Tuesday, October 4, 2011

How I Came To Atheism

    Everyone has their story about how they came to their faith or how they lost it, and this is mine.

    I was adopted at a very young age by two loving parents who had originally belonged to two different sects of Christianity (my father a Baptist, my mother a Catholic).  Eventually my mom nagged my dad enough that he too considered himself a Catholic (funny how that works), and thus I was also labeled as a Catholic.  Of course I had to go to church every week and was 'confirmed' by the catholic church (basically a little ceremony where they congratulate you on becoming an adult in the eyes of the church, while ironically in reality you've just been deluded into continuing to believe fairly tales you were told as a child).  I would also like to note that my parents were very good parents.  They raised me well and I am forever in debt to them.  I love them very much, and none of this religion crap will ever change that.  Anyway, to continue...

    This went on until I was about 16 and started to more thoroughly question the teachings of my religion and religion in general.  Don't get me wrong, I questioned a lot of the crap they tried to teach me before I was 16, but it took that long for it to bother me enough to look into it.  At 16 I was able to embrace my skepticism and more accurately embrace the idea that what I had been taught to be true was nothing of the sort.  It was all confirmed after taking some upper level biology courses and understanding how things came to be rather than the intelligent design shit I had been spoon-fed by people who either knew it wasn't true or were too dumb to know better.

     After successfully dumping my irrational belief in the deity of the bible, I studied and learned about a couple of other major religions and saw that they were packed full of the same kind of bullshit (faith without evidence makes you gullible, not "holy" or "spiritual").

     At this point (about 17) I guess I was more of an agnostic because although I didn't believe in any kind of religion, I still felt there might be some kind of deity out there.  This continued until I was almost 21 when I had actually studied and heard many of the arguments for and against atheism, and decided that it made a hell of a lot more sense than any of the religious BS I had ever heard of, and was a better choice than just claiming we can't possibly ever know, which is obvious and not helpful (I'll cover agnosticism in another blog).

     And then a few years later I started using youtube and found lots of people with whom I agreed, and many with whom I didn't.  I got better at forming my own arguments and reasons for what I think to be true, and what I think is complete bullshit.  The main point of all of this is that a healthy amount skepticism and yearning for information is good, and if anyone else tells you otherwise, they probably have their own interests in mind, not yours.  Nobody really benefits from their atheism other than living in reality and not being duped into believing a bronze-aged myth.  The only real benefit of converting someone to atheism is that there is one more rational, skeptical person in the world while there is one less irrational, faith-based, prayer-blabbering, solve-nothing-while-thinking-they-are-doing-something dumbasses that think they have the mysteries of the universe all figured out.  I'm glad to say that I never got that far with my 'faith,' and learned pretty quickly that it takes a certain kind of person to be religious, and I wasn't that type of person.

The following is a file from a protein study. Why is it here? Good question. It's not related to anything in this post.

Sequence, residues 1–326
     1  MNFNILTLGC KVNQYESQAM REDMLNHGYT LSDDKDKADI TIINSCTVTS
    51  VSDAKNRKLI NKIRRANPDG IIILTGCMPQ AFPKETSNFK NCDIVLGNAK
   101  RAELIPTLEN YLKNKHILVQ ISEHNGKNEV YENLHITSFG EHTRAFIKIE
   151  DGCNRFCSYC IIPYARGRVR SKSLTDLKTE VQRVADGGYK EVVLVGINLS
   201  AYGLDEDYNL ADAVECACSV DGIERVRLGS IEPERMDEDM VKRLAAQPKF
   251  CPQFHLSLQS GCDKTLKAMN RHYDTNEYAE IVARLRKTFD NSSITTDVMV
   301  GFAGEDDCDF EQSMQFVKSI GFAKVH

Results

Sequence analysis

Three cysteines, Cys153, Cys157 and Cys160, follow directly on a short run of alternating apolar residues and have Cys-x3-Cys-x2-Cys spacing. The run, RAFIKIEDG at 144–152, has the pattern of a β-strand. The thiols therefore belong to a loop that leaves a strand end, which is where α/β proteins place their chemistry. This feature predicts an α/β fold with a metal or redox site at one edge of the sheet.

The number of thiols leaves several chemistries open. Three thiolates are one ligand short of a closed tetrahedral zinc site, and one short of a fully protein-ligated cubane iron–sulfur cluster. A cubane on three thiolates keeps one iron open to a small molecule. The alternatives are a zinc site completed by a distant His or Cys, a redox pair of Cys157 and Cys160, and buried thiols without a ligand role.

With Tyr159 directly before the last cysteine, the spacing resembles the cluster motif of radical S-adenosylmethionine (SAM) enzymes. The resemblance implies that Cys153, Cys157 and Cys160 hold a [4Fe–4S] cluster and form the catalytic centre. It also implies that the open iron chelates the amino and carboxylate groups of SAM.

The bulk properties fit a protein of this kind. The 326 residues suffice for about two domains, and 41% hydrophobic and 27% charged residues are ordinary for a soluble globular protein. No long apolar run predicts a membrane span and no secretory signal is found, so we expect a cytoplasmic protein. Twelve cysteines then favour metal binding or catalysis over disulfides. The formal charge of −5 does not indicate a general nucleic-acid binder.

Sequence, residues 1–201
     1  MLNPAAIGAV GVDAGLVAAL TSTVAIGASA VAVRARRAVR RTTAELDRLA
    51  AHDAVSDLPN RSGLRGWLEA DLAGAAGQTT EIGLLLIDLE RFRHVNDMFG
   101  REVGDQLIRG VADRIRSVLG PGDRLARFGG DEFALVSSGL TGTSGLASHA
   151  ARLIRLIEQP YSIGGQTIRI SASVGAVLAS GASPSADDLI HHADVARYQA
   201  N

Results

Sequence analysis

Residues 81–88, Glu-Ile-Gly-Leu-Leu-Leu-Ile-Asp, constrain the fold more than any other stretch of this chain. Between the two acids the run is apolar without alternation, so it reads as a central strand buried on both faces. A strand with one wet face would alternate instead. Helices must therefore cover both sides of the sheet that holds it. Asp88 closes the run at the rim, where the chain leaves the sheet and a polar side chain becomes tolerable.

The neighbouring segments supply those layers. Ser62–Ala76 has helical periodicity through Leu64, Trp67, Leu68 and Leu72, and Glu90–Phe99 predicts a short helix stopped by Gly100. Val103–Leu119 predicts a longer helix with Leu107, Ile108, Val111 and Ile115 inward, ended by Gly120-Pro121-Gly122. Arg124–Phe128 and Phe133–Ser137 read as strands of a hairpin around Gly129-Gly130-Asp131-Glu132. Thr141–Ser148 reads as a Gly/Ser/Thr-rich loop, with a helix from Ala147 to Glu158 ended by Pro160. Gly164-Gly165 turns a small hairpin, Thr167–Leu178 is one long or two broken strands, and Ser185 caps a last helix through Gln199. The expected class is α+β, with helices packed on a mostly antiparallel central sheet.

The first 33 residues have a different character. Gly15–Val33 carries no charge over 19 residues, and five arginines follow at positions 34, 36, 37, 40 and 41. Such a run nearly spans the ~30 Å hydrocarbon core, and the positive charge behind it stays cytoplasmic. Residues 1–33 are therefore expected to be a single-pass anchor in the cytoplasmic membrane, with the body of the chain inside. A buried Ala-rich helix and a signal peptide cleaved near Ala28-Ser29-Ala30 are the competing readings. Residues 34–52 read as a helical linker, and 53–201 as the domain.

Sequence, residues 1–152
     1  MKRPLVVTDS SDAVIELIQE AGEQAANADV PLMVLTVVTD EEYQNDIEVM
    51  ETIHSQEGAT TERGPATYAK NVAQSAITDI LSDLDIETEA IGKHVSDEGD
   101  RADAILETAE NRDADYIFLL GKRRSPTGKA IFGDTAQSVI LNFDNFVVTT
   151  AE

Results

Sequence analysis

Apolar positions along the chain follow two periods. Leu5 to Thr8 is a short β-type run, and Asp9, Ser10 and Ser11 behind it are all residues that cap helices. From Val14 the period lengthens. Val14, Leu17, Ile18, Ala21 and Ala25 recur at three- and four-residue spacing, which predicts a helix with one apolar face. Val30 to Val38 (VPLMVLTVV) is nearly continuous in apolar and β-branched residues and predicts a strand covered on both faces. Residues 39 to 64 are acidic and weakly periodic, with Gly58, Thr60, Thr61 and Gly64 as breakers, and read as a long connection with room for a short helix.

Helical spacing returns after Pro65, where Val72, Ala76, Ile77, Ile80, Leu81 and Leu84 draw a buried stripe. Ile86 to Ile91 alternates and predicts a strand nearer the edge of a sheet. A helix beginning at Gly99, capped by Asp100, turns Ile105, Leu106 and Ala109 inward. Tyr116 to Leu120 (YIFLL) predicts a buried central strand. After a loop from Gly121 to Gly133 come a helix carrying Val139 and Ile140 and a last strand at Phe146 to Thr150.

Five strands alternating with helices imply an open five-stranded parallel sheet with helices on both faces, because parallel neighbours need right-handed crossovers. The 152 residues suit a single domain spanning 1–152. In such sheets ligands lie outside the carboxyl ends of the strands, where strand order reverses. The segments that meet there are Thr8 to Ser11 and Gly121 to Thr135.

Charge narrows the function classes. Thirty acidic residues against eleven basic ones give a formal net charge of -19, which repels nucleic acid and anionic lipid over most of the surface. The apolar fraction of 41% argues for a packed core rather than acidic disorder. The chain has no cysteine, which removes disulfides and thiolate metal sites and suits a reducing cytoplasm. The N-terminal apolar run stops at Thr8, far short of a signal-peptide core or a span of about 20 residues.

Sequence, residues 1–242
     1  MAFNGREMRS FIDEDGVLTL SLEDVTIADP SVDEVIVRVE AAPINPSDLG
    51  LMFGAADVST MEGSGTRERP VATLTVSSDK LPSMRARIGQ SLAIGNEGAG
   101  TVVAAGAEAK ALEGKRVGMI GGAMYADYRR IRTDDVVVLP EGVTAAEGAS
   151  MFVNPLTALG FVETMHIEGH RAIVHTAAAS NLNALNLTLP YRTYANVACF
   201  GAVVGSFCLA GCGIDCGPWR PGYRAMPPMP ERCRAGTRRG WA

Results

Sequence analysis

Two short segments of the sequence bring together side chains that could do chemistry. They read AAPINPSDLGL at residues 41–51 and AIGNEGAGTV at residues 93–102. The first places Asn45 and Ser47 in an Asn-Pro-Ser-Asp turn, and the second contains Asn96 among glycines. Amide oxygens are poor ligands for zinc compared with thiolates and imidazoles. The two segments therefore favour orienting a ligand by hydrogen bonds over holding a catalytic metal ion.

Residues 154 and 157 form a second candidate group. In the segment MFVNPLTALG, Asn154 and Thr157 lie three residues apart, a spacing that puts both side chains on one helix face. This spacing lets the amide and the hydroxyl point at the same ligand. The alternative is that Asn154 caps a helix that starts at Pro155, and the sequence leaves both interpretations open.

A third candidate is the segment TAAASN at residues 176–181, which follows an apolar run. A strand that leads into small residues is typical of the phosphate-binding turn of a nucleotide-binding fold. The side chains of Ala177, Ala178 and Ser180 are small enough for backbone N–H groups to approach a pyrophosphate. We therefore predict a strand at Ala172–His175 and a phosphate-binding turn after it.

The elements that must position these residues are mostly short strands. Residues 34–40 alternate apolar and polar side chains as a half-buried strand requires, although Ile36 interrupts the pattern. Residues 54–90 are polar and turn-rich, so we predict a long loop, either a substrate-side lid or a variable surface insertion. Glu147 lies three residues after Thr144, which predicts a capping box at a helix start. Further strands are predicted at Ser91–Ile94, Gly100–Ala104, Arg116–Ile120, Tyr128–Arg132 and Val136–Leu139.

I am happy to report that my loss of faith didn't do anything but sharpen my mind.  This alerted me that to some people, the idea of a god is extremely important.  There seem to be those who can't live without the faith that they were raised into (or have their own personal miracle story), and that you will never convince them otherwise (and that even if you did it would make them miserable).  Coming to accept that a long-held belief of yours isn't true is hard to do, no matter what the circumstances, and religion must be the hardest for people to let go of.  But having a hard time admitting you're wrong doesn't make you right, now does it?

More to come,

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